Definition Dyshidrotic eczema is a condition in which small, itchy blisters develop on the hands and feet. Alternative Names Dyshidrosis; Pompholyx Causes, incidence, and risk factors This blistering type of eczema is twice as common in women than men. People are more likely to develop dyshidrotic eczema when: They are under stress They have allergies, such as hayfever Their hands are often in water or moist They do cement work or other work that exposes their hands to chromium, cobalt, nickel The cause is unknown. The condition seems to appear during certain times of the year.
Eczema - nummular; Nummular dermatitis
Avoid triggers that can make your symptoms worse, such as wool, lanolin, and certain foods. Experts do not recommend taking frequent baths - excess bathing and soaps can cause dry skin , which often makes the condition worse.
Your doctor may recommend skin lotions, soaps, or moist bandages to soothe scaly, dry, or healing areas. Antihistamines taken by mouth may relieve itching.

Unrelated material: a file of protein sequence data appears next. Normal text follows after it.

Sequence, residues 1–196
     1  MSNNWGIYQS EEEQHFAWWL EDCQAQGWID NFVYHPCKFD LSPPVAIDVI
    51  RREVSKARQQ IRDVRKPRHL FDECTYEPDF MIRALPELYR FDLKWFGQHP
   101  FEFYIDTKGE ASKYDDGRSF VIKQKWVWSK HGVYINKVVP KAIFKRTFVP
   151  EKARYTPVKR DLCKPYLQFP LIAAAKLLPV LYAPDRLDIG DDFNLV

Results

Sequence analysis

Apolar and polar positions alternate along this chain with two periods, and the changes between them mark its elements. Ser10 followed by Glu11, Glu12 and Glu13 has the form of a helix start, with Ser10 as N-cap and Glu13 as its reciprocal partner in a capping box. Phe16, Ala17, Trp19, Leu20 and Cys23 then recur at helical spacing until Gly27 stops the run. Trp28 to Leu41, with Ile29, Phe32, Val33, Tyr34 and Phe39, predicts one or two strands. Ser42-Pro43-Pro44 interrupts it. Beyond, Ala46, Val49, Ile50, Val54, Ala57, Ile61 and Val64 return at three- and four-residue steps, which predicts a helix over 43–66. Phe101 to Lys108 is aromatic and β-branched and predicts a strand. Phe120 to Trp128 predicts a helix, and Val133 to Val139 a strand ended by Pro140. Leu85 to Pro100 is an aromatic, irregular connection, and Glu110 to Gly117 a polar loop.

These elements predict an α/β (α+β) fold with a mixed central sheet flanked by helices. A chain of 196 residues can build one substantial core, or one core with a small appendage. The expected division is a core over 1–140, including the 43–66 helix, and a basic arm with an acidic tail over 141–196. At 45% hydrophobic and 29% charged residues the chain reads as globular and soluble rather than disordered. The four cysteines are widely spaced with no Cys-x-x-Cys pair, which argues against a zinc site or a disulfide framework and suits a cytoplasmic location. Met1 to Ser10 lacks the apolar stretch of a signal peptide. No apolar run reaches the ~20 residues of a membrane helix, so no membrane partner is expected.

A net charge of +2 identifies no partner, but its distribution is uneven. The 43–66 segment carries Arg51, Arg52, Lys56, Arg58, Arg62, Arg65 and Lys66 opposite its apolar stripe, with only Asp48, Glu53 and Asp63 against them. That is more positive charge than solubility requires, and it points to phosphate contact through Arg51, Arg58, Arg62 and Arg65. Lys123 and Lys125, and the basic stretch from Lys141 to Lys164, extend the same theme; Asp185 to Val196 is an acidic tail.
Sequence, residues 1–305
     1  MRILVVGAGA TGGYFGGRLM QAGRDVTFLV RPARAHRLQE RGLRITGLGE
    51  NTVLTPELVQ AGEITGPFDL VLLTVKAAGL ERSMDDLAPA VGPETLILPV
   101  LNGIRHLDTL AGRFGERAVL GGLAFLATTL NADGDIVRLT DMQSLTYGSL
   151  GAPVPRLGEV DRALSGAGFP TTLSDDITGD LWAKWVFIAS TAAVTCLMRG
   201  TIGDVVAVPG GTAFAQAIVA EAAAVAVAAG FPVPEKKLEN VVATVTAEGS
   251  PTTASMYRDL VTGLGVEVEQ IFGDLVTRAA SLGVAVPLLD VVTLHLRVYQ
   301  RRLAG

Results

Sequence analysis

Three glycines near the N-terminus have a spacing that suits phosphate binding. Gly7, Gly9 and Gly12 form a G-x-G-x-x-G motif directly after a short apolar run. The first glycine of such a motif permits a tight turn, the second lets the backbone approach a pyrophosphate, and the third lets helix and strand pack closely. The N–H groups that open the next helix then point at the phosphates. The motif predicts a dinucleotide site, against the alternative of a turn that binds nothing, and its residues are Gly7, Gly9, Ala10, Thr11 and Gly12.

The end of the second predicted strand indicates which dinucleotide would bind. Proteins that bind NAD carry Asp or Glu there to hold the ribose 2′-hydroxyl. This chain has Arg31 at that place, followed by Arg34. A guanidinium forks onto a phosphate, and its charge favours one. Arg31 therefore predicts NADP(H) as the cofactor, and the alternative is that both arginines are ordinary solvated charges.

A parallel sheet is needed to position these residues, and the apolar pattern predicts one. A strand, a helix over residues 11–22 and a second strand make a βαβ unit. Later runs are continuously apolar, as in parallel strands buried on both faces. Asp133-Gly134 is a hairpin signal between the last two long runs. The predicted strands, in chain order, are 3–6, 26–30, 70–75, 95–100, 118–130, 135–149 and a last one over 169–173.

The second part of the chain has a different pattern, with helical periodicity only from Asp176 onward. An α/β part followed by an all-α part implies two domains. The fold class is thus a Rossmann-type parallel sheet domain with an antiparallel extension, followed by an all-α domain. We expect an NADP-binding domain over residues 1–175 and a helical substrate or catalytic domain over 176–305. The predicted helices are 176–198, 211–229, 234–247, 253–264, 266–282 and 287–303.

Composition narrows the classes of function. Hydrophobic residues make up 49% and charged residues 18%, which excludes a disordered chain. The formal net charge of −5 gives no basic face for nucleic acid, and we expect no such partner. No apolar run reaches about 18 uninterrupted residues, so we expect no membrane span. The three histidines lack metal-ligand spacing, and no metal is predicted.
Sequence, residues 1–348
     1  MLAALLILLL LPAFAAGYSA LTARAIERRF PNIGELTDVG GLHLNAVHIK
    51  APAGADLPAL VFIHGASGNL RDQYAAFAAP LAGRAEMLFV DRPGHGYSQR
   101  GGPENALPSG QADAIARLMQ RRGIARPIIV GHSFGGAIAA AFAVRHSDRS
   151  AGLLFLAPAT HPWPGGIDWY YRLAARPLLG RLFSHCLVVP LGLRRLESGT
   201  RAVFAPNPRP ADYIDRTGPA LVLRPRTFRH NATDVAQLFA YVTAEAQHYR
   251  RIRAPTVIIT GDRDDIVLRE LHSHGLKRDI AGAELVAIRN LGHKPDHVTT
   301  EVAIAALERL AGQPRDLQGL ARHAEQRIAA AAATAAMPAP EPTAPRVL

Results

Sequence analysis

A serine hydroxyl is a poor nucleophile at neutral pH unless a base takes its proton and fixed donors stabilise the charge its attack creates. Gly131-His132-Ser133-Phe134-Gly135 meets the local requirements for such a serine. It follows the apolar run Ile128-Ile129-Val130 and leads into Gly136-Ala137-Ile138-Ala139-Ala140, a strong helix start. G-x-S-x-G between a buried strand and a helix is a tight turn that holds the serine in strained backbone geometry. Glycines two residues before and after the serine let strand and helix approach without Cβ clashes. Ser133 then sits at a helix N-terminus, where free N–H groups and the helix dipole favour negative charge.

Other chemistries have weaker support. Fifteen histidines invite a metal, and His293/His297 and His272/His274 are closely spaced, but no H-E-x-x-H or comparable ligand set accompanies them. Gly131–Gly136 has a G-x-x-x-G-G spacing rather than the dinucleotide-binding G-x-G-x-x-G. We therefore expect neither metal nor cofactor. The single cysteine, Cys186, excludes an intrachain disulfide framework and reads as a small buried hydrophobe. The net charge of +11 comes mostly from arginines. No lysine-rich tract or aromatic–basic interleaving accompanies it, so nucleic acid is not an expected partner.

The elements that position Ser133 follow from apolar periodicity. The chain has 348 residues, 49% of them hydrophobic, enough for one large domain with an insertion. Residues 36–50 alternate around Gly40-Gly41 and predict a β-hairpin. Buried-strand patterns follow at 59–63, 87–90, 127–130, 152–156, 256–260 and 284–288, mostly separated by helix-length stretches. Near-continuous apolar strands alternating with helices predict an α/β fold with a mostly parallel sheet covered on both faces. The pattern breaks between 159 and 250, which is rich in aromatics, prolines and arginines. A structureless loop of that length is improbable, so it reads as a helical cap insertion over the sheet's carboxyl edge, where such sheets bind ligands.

Persons with severe symptoms may be given prescription skin ointments that contain tar, corticosteroids, or immunosuppressive drugs. In rare, severe cases, the doctor may prescribe more powerful corticosteroids to be taken by mouth or injection.
Nummular eczema is a long-term (chronic) condition. Medical treatment and avoiding irritants can help reduce symptoms.
A secondary infection of the skin may develop.
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Eczema is a chronic skin disorder that involves scaly and itchy rashes. Atopic eczema is the most common type.
Infantile eczema; Atopic dermatitis; Dermatitis - atopic; Eczema - atopic
Causes, incidence, and risk factors
Atopic eczema is due to a hypersensitivity reaction (similar to an allergy ) in the skin, which leads to long-term inflammation of the skin.
Eczema is most common in infants. Many people outgrow it by early adulthood. The condition tends to run in families.
People with eczema often have asthma or hay fever , too. There is often a family history of allergic conditions such as asthma, hay fever, or eczema.
The following can make eczema symptoms worse:
Allergies to pollen, mold, dust mites, or animals
Colds or the flu
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